As well as outlining the terms of reference for the so-called People’s Commission, the Chief Executive’s Report states that the NHS providers – Calderdale and Huddersfield NHS Foundation trust, Locala and South West Yorkshire Foundation Partnership Trust – have not yet responded to the Council’s call to withdraw the SOC.
It doesn’t say what powers the Council might have to require them to withdraw the SOC, although – in a possibly separate move – Kirklees Council’s Scrutiny Panel for Health and Wellbeing is to work jointly with Calderdale Council’s Adult Health and Social Care Scrutiny Panel to investigate the SOC proposals. Together they will, if necessary, refer the reconfiguration proposals to the Secretary of State for Health via the Independent Reconfiguration Panel.
Do the Strategic Outline Case and Calderdale Clinical Commissioning Group’s Strategic Review Engagement Plan violate the law on NHS reconfigurations?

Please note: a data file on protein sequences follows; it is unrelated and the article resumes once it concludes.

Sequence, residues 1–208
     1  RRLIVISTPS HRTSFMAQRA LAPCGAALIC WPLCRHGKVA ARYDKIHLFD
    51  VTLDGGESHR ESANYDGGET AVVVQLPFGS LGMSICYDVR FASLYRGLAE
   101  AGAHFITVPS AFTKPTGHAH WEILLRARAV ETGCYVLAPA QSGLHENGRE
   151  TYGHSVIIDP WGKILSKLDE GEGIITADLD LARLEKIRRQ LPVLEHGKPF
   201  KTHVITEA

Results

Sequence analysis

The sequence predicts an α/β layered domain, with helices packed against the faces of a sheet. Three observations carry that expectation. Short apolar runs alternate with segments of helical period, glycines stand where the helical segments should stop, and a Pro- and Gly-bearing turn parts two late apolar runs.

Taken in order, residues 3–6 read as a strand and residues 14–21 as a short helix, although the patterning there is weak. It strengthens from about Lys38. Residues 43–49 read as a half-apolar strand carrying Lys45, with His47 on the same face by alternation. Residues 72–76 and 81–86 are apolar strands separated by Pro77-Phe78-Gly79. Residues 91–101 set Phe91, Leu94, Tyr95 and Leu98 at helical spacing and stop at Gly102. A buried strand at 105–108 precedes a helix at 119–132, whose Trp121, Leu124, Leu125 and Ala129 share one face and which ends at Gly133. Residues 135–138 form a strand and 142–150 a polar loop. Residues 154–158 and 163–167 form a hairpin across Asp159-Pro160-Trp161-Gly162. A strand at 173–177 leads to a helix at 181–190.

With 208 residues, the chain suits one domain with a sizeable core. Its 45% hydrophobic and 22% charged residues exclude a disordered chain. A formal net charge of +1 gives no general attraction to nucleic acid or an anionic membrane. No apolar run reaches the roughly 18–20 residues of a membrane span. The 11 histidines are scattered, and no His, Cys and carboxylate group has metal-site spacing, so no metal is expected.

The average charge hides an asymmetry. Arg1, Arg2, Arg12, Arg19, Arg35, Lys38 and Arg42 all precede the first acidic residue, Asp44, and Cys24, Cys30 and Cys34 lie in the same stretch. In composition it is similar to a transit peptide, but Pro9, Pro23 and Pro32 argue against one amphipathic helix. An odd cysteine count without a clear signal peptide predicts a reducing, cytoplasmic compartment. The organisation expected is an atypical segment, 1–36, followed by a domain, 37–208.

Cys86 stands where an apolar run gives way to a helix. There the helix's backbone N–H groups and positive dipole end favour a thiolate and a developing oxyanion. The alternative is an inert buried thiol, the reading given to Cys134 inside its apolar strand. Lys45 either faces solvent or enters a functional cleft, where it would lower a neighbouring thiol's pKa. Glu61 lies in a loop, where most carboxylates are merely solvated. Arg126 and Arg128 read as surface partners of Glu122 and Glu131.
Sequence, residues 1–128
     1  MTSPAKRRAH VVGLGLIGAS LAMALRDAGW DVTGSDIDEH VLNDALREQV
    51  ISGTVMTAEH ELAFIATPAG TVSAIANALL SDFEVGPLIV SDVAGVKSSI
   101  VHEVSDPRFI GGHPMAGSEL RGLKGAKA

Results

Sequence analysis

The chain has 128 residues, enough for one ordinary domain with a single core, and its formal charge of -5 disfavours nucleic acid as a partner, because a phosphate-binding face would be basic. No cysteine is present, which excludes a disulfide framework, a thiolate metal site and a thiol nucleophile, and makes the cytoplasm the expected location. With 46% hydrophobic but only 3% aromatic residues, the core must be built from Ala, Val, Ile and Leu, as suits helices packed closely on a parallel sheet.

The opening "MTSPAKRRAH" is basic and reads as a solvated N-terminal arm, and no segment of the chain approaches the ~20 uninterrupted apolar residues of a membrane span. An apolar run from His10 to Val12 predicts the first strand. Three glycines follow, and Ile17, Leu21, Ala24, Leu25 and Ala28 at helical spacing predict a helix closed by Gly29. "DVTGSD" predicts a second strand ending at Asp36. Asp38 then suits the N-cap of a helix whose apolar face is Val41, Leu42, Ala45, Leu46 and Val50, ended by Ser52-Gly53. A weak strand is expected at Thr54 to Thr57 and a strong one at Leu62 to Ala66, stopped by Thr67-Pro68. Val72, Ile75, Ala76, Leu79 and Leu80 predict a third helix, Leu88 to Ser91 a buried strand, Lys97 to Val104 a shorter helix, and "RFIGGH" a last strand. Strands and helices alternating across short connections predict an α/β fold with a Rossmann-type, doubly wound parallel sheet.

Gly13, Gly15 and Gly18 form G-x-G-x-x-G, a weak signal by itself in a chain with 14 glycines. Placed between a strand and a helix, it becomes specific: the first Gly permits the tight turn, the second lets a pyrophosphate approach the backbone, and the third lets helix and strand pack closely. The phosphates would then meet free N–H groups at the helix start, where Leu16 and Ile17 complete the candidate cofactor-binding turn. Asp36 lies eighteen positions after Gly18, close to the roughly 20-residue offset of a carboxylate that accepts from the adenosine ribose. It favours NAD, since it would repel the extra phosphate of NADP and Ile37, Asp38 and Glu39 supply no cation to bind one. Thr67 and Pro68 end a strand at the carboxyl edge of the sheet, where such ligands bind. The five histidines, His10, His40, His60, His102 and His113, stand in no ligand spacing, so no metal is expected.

Since the Strategic Outline Case (SOC) was published, Plain Speaker has been calling for a review of evidence to identify whether the Clinical Commissioning Groups are in breach of their legal duty to allow the public to be involved in making the decision about whether or not the proposed NHS and social care reconfiguration should go ahead; and also whether they are in breach of the wider Four Tests that have to be met before an NHS reconfiguration can go ahead. These are:
- Support from GP Commissioners (Clinical Commissioning Groups)
- Clarity on the clinical evidence base for improvement
- Strengthened public and patient engagement in the consultation process
- Consistency with current and prospective patient choice, ie justification for any restriction of choice
Plain Speaker and members of the public are gathering information and evidence about the 4 tests.